Chicago Drive-In
Pavement Entertainment

Drive-By Truckers live!

| April 14, 2010 | 0 Comments

Vic Theatre, Chicago
Friday, April 9, 2010

Chicago is a special place for Drive-By Truckers. The band still talk about the lift they felt by a line outside Hideout back when nobody else cared they were making records.

So it stands to reason the Alabama-born, Athens-based Southern rockers can trust their audience when the Windy City skyline announces itself through the bus windshield. The veteran outfit — this spring’s The Big To-Do (ATO) is their eighth LP — have never shied from stacking setlists with new material and this was an extreme example. All of the octet of To-Do‘s representatives arrived in the first third of a two-and-a-half-hour performance, making the Vic a little antsy as it nervously awaited old-school scraps.

They would come, though Patterson Hood omitted his usual banter — which often goes a long way explaining songs. About those tracks, To-Do is as lyrically solid as any DBT record and might be among their best in that regard, but musically it’s missing some of the guitar muscle that makes Southern Rock Opera, Decoration Day, and The Dirty South so overpowering. The band has also grown a mite stately in its presentation, rendering it considerably more able to pull off Shonna Tucker’s Tin Pan Alley “I Told You So” than scorch the front row with “Drag The Lake Charlie,” the latter of which was not played. “Birthday Boy” in particular lost something in the album-to-stage transfer.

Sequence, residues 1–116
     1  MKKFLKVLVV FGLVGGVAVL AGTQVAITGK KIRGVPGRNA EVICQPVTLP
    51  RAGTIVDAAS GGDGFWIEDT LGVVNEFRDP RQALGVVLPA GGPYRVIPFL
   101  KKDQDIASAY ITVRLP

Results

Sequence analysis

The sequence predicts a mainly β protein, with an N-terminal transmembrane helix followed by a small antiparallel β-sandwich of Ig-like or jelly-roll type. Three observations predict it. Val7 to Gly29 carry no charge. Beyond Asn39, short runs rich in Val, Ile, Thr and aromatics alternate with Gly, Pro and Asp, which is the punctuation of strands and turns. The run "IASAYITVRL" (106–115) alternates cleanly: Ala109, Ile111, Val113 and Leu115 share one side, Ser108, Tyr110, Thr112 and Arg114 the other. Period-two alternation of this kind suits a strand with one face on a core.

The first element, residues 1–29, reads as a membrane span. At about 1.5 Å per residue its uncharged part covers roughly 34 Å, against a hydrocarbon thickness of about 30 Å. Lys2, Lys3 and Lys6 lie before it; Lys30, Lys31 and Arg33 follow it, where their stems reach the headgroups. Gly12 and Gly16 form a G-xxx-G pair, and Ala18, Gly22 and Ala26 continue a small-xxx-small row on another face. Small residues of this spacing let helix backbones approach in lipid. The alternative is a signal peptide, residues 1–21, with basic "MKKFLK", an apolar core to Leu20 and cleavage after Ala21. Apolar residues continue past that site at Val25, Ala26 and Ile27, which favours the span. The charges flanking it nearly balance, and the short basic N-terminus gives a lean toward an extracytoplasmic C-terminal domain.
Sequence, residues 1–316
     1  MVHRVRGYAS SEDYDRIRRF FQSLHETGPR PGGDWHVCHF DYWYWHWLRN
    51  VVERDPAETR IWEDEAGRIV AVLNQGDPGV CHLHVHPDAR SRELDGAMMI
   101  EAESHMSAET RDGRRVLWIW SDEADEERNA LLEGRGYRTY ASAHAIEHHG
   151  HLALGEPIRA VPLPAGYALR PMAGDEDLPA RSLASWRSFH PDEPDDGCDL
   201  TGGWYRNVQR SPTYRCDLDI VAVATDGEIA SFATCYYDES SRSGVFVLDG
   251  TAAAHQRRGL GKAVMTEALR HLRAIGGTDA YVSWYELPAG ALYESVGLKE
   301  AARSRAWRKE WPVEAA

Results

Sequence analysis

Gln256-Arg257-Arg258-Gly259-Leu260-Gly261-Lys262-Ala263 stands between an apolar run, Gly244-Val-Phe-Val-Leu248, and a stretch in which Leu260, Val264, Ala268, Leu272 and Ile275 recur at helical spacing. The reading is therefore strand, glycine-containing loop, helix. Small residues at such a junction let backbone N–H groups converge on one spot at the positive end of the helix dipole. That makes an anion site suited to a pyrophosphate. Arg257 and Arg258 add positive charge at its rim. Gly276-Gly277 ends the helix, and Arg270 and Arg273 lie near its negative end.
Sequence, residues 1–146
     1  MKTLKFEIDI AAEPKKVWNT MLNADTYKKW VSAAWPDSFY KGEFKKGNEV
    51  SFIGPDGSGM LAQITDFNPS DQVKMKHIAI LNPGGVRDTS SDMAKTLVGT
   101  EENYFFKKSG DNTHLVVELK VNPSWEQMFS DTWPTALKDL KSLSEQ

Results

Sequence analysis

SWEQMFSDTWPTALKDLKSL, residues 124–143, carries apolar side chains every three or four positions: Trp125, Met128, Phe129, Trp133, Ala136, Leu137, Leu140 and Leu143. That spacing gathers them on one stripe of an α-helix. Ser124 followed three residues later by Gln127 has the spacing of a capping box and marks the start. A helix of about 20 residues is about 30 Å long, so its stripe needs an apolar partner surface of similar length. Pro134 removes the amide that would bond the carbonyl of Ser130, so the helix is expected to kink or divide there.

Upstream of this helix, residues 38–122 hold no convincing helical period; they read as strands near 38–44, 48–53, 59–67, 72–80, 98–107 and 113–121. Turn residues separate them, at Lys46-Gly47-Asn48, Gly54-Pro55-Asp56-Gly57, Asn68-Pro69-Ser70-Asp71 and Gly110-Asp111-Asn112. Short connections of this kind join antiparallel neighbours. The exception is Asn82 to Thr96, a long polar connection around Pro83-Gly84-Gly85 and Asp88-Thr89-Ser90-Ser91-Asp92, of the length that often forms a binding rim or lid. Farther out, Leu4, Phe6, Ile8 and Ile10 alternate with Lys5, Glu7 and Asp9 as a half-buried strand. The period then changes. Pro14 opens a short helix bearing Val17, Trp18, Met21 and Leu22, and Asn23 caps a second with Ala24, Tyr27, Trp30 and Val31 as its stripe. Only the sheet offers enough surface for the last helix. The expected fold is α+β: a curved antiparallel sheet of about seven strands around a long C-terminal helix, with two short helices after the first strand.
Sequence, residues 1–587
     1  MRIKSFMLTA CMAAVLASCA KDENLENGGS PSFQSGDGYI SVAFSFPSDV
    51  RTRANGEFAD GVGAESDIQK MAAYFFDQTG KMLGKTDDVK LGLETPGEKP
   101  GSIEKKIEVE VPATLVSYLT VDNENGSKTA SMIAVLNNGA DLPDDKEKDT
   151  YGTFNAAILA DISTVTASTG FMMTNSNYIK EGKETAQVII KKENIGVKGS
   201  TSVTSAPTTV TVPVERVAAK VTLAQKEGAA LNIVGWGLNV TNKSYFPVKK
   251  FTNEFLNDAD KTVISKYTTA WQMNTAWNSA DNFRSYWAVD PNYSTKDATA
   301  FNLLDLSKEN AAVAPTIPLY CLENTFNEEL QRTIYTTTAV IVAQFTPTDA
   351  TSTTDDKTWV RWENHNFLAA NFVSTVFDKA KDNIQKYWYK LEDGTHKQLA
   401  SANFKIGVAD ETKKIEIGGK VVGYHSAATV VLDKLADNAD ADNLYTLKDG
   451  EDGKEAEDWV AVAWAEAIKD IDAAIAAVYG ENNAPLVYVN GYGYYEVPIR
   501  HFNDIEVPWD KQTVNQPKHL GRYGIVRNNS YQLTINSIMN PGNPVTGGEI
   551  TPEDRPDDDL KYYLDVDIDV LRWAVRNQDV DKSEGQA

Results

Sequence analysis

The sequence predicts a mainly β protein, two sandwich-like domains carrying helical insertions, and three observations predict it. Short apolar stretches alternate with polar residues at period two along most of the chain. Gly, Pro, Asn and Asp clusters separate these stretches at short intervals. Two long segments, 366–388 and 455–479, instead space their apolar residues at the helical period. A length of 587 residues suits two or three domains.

Towards the end of the middle third, fans’ trust was repaid handsomely. A swaggering version of the Stonesy “Marry Me” was followed by a testy “Puttin’ People On The Moon.” A nearly uncharacteristic dollop of Southern Rock Opera was on display, consigning much of the first two albums, South, Decoration, Blessing And A Curse, and Brighter Than Creation’s Dark all to the dustbin. One day the band will return to deliver a mammoth hits set, or so their trusting fans hope.

— Steve Forstneger

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Category: Live Reviews, Weekly

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